equine therapy eating disordersWhile the efficacy of equine therapy has been questioned, with critics challenging the field’s sparse research studies, another concern has been raised regarding the burgeoning practice of incorporating horses into mental health treatment models — and that is, just how does equine therapy work?


Unlike Cognitive-Behavioral Therapy, Family Systems Therapy, or DBT, equine therapy cannot always be clearly explained. Yes, we know that a horse is more approachable than another person for clients who suffer from social anxiety, and yes, we know that in general, spending time with animals has been linked to improved measures of mental health.


But these are largely assumptive explanations for why equine therapy may be a helpful, and efficacious form of treatment.


So lets look for a moment at the case of eating disorders where equine therapy has been widely used. Looking first at the National Eating Disorders Association definition of  both Anorexia Nervosa and Bulimia Nervosa, we see that both disorders are characterized by an “extreme concern with body weight and shape”. Looking further into what constitutes this concern about body image, what becomes clear is that a person with an eating disorder has adopted appearance ideals into her internal definition of beauty and self, so much so that there is no room for any other objective definition of the self.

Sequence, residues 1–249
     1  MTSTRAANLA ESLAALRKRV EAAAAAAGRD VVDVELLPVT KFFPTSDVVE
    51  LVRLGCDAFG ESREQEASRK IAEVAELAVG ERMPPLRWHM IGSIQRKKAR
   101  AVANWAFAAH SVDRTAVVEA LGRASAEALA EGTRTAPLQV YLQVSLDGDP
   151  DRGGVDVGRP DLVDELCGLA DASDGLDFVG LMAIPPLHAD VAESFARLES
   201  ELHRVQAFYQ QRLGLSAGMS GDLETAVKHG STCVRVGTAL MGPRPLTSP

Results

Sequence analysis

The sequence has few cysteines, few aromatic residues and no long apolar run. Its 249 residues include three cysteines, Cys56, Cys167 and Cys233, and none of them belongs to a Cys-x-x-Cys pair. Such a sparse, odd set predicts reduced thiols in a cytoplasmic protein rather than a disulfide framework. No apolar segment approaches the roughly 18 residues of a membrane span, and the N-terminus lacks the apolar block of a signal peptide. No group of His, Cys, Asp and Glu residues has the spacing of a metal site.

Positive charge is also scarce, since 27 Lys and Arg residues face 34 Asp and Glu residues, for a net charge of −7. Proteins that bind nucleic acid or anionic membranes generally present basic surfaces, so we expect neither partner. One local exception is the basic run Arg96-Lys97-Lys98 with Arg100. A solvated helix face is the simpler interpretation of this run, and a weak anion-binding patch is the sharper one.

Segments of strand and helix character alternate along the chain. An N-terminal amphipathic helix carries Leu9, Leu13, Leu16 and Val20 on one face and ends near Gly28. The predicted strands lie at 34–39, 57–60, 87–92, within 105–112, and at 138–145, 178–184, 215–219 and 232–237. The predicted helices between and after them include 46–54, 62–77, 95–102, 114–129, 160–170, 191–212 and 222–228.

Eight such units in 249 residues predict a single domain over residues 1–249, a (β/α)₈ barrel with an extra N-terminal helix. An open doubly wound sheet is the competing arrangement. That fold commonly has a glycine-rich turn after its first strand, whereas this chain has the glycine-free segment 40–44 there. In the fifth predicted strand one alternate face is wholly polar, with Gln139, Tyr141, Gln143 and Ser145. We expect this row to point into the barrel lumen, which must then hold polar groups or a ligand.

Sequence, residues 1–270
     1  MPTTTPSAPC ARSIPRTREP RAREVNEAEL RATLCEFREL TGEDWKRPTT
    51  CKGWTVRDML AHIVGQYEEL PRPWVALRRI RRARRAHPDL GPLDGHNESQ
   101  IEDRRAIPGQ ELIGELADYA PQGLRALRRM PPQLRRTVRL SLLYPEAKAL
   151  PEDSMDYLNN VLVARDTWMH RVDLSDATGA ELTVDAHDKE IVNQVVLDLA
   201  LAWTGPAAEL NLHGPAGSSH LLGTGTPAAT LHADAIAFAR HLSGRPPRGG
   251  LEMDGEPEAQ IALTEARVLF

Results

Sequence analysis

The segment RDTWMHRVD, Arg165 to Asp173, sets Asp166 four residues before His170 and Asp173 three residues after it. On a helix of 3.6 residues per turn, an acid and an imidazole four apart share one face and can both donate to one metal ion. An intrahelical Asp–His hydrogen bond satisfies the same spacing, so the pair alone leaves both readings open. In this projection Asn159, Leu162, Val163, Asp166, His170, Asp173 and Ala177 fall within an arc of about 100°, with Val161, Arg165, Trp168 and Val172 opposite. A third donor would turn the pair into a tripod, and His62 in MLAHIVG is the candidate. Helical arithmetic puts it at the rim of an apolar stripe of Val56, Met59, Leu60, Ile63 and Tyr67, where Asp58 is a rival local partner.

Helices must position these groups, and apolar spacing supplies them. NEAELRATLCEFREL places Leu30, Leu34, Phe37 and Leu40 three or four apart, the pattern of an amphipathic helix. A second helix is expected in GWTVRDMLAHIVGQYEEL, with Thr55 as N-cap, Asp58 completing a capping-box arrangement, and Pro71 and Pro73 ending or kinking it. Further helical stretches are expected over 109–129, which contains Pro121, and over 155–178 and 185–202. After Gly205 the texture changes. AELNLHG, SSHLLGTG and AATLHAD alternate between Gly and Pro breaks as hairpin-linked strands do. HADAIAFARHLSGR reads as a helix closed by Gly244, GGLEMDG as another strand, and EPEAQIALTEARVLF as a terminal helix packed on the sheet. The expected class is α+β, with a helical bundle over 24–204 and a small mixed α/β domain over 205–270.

This is what as known as self-objectification.


The language goes something like this, “If I don’t look this certain way, I am completely and utterly worthless.”


However, one must also consider the source of this profound body shame. This internalized self destruction was at the hands of other people, whether it be through the media, family, friends, or life partners.


And so to now recover, the ED patient must trust the very hand that dealt her the shame  in the first place. And for many who live in the profound hell of an eating disorder this is simply too much.


Enter equine therapy. For a person with ED, a horse does not carry the same potential for shame as does a person, yet at the same type offers the opportunity for a relationship. So while the horse represents an acceptance unlike any other for a person with ED, in order to have a relationship, he makes a few demands.


For a horse, when a person slips away from the relationship into the self (in order to engage in self objectification), the relationship process ceases, and so does his pursuit of it. The language would go something like this, “Yes I will accept you fully, unconditionally, but in order to have this relationship, you must be fully present.”


When the person is not fully present, and the horse moves away, temporarily halting the relationship, the disengagement on the part of the ED patient becomes vivid. This is an important observation for the person with an eating disorder, as often she may disengage so much and so frequently that even she is unaware that she is doing it or of the effect it is having on her relationships. And while the human relationships in an ED’s life may be the cause of much of her pain, their avoidance is also a hallmark feature of the disorder.


Making the case for equine therapy with an eating disorder patient then is like making the case for the rebuilding of the relationship — not just with the other but with the self as well.




Calagaro, Richard, M., Davis, William, M, Thompson, Kevin, J., The Role of Self-Objectification in the Experience of Women With Eating Disorders. Sex Roles, Vol. 52, Nos. 1/2, January 2005 (⃝C 2005) DOI: 10.1007/s11199-005-1192-9


Woman on a horse photo available from Shutterstock